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Research Awards: 2004-2005

Faculty and Student Research Awards: 2004-2005

2004 - 2005

  • Professor Judith Carney, Department of Geography. The Shea Butter Industry in the Gambia. Project Abstract: A focus on the commodity chains that link women in Beverly Hills with those in Gamiba. The aim is to reveal the capability of development projects to effect gender equity and fair trade in this period of contemporary globalization.
  • Dr. Raymond Omwami. International Development Studies. Population Momentum, Public Investment and the Goal of Universal Access to Basic Education in Kenya. Project Abstract: The government of Kenya has committed to meeting the global goal of universal access to basic education. This project offers a model for examining how population momentum will mediate to determine public investment levels at both current and projection for the future.
  • Professor Randall Crane, Department of Public Affairs. GSR: Charisma Acey. Urban Paradox: Lagos Water Supply and Sanitation from 1845-2004. Project Abstract: The project analyzes how and why there is a lack of access to clean and sufficient water, which reveals how the political economic history of African cities plays a critical role in the design and implementation of water and sanitation policies and programs.
  • Professor Daniel Posner, Department of Political Science. GSR: John McCauley. Religion and Globalization in Africa. Project Abstract: The aim of this project is to collect survey data on how Africans identify themselves, given their religions and political interests. It will address the conditions under which people identify themselves along religious lines, as opposed to ethnic, national, occupational, or political party lines.
  • Professor Edward Alpers, Department of History. GSR: Awet Weldemichael. The Eritrean and East Timorese Liberation Movements: Towards a Comparative Study of their Grand Strategies. 2005 Project Abstract: This project focuses on the U.S. as a leading precursor of globalization in our time. The author will examine how the U.S.'s role was played out in the Eritrean and East Timorese liberation struggles during the Cold War.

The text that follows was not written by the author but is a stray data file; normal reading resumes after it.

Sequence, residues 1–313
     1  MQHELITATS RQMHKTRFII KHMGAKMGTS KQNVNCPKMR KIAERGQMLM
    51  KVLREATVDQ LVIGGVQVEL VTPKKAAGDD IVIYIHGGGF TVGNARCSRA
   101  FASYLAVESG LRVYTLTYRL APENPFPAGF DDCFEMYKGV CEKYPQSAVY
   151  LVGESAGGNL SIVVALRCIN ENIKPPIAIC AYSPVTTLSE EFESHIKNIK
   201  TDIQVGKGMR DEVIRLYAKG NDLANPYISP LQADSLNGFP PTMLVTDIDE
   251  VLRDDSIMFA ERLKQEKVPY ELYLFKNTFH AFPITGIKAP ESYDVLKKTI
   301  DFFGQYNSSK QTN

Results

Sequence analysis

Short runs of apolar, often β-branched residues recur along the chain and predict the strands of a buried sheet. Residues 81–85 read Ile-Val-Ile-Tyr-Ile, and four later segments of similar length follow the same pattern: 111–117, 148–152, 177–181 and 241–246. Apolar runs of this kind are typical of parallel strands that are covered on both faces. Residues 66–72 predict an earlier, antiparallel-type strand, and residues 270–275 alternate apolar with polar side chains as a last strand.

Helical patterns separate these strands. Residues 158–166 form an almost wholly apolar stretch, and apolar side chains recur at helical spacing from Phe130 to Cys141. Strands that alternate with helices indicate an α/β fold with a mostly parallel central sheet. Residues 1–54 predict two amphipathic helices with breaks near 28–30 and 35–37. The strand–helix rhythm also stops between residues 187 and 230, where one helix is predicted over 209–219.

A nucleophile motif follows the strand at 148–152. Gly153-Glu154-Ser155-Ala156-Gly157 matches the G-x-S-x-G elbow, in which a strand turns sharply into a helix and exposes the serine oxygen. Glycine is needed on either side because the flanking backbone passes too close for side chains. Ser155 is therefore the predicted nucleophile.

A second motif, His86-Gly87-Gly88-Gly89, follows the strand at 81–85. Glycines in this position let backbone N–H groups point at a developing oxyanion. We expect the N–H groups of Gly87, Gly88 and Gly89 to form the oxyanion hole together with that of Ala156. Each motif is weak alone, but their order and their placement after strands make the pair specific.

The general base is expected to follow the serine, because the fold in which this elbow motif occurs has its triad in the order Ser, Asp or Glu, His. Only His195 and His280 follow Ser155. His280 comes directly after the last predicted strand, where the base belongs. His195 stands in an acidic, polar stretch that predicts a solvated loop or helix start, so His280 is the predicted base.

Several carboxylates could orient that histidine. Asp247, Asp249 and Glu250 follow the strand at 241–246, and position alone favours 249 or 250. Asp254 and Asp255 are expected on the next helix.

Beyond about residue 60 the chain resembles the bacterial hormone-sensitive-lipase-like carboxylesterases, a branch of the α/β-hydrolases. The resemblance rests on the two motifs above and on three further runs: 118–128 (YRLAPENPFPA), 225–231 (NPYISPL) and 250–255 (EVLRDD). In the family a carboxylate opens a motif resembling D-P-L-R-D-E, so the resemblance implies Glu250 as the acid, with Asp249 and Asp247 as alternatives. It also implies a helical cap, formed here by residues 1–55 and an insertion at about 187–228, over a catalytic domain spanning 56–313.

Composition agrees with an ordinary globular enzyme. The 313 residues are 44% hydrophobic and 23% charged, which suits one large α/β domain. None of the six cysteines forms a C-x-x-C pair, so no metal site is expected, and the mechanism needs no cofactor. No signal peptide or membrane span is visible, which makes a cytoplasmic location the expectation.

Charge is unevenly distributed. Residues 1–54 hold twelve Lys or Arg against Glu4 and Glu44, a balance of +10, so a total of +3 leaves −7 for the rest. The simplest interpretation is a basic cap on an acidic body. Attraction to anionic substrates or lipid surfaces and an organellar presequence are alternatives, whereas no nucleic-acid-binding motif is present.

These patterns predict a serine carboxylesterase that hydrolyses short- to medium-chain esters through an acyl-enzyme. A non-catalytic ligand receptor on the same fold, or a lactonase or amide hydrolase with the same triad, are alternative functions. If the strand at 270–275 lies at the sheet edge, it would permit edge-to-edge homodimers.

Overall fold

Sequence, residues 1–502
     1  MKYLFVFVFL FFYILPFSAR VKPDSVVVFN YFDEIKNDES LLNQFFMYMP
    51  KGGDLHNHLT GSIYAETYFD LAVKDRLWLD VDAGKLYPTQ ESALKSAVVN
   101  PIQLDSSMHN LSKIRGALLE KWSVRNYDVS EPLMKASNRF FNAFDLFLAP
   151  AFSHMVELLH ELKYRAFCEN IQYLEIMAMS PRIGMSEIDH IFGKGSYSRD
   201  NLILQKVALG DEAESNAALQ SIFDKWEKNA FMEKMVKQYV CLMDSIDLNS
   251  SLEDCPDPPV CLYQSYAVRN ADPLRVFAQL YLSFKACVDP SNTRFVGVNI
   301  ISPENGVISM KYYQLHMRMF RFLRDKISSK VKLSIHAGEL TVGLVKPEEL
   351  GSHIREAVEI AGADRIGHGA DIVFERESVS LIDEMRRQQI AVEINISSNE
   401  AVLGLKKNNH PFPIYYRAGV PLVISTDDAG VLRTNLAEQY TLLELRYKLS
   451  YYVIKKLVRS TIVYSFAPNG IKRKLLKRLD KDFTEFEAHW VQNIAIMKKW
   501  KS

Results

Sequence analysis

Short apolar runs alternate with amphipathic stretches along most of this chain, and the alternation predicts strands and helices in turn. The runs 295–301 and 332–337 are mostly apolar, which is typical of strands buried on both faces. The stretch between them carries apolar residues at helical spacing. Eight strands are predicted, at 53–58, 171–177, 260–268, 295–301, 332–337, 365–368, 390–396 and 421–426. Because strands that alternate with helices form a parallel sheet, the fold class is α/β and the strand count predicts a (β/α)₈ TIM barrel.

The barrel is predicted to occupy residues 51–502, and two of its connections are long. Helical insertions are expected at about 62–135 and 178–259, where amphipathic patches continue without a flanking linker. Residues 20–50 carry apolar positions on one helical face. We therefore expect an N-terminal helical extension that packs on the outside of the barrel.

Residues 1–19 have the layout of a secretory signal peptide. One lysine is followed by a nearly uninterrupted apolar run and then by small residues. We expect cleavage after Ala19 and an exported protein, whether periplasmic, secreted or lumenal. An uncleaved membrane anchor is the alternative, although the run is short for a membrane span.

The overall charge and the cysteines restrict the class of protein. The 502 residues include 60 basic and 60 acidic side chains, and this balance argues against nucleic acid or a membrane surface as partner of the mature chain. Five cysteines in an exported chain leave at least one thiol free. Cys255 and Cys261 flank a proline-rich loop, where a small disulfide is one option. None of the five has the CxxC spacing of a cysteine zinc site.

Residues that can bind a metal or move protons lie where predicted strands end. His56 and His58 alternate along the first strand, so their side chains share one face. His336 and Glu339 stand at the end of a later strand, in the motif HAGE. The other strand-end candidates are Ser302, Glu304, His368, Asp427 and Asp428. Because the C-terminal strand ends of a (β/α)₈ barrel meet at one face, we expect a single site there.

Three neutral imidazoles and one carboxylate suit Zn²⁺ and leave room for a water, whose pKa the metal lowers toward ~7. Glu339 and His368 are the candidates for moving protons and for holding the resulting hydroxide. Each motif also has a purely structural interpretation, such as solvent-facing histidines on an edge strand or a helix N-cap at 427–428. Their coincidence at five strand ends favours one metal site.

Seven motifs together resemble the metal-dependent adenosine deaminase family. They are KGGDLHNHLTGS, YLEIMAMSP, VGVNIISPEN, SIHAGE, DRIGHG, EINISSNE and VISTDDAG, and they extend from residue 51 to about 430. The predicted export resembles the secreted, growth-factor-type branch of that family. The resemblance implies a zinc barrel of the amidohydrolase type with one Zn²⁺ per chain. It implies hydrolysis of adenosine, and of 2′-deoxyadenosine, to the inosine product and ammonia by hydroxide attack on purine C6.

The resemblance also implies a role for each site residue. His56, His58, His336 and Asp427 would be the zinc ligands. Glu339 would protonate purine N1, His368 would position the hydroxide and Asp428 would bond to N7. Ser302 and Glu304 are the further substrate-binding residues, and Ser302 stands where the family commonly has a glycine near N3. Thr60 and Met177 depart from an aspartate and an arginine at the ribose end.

• Professor Andrew Apter, Department of History. GSR: Susan Marx Serjak. I See that I am Black: Black Female Executives in Global South Africa. Project Abstract: The research will focus on those individual black women who have achieved top-level positions in many sectors of the economy. The aim will be to identify common key success factors influencing career successes in black women to determine potential future leaders and to assess the broader issues of the construction of identity in South Africa.
  • Associate Professor Pearl T. Robinson, Department of Political Science. An Intellectual Biography of Ralph Bunche, the Africanist. Project Abstract: The project will explore how Ralph Bunche's scholarship on Africa contributes toward a reframing of African Studies from a field defined by paradigms embedded in dichotomized oppositions to a globalizing framework viewed through the lenses of imperialism, colonialism and proto-nationalist movements.

 

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